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People often feel the need to rationalize their dishonesty. The danger is taking that first step.
The story of Joe Papp, an Olympic cyclist falls into this category. Papp consulted his physician, who wrote Papp a prescription for erythropoietin (EPO), a cancer treatment that increases the production of red blood cells. Papp injected himself, but also imported and distributed EPO to his team and to other teams. This essentially made him a drug dealer.
People that are required to put their signature at the top of a document instead of the bottom are more likely to provide truthful information.
They are confirming that the information they’re about to provide is true before they have a chance to falsify it.
SIMILAR ARTICLES & IDEAS:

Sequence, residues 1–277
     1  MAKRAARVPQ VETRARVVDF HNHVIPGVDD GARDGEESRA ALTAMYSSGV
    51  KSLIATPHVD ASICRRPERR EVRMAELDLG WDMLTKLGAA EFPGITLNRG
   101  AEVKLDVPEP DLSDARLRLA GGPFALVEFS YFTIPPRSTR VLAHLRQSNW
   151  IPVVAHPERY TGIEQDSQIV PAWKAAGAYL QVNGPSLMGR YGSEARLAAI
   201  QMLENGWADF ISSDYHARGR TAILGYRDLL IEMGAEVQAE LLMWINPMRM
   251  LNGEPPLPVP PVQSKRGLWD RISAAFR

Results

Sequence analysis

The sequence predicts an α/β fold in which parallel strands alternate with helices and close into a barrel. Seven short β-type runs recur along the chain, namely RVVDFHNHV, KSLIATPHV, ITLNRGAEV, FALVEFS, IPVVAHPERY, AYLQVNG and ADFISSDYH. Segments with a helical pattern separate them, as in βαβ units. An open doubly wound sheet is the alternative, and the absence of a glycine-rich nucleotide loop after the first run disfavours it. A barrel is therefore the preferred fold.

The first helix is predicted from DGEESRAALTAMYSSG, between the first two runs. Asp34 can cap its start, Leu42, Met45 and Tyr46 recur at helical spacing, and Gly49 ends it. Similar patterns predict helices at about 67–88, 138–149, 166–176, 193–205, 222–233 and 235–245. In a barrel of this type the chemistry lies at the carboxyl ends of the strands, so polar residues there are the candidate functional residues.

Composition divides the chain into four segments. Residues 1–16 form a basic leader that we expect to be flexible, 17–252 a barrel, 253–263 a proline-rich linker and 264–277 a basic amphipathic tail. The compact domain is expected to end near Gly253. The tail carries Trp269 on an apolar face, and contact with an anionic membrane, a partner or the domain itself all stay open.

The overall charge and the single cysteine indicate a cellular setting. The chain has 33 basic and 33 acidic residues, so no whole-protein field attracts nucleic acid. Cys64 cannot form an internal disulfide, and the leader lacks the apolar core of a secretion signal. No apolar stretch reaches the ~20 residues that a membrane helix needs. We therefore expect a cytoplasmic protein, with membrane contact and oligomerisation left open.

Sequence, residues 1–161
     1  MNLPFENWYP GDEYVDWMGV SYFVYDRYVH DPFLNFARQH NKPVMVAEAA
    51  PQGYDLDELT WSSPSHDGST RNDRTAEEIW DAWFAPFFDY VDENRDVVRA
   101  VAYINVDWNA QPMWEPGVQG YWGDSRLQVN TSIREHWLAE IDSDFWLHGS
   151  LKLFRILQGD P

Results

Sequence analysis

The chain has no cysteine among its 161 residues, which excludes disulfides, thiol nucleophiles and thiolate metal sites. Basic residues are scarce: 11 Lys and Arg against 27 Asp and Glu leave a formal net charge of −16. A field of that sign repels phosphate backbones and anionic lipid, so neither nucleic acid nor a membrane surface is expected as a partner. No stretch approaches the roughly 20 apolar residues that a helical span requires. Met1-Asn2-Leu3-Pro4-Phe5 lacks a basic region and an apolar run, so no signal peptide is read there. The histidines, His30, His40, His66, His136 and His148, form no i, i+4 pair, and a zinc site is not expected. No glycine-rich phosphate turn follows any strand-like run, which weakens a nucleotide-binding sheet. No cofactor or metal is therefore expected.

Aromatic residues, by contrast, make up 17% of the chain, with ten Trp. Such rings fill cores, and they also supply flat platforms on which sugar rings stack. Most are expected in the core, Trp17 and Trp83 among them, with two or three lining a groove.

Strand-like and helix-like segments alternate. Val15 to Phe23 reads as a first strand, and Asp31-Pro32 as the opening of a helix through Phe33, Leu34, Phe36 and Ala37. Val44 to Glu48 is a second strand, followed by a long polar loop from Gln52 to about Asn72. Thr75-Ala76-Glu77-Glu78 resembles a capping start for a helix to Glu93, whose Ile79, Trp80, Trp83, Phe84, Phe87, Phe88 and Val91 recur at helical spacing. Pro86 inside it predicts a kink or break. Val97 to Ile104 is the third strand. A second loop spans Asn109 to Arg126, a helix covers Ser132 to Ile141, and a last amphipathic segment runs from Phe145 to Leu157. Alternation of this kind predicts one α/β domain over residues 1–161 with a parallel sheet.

The increase in lying is driven by the development of the ability to see the world from someone else's perspective. We gain an understanding of the beliefs, intentions, and knowledge of others.
The more we lie, the easier it becomes. Among two-year-olds, only 30 percent are untruthful. Among three-year-olds, 50 percent lie. By eight, kids learn to mask their lying by deliberately giving a wrong answer or making their statement seem like a guess.
We like to see ourselves as honest because we have internalized honesty as a value taught to us. We generally place limits on how much we are willing to lie.
If you make things more laborious, the consumers will value them more.
In the 1950s, a US food company wanted to sell more of its brand of instant cake mixes. They were advised to...
Labor alone can be sufficient to induce a greater liking for your own work. A study confirmed the phenomenon. Experiments involved assembling IKEA boxes, folding origami, and building with Lego.
Several other important economic behaviors that are connected to the IKEA effect are:
When we decide to lie, we privilege some other value over honesty. The value is often compassion, as people lie more about their feelings than about anything else.
Those who tell...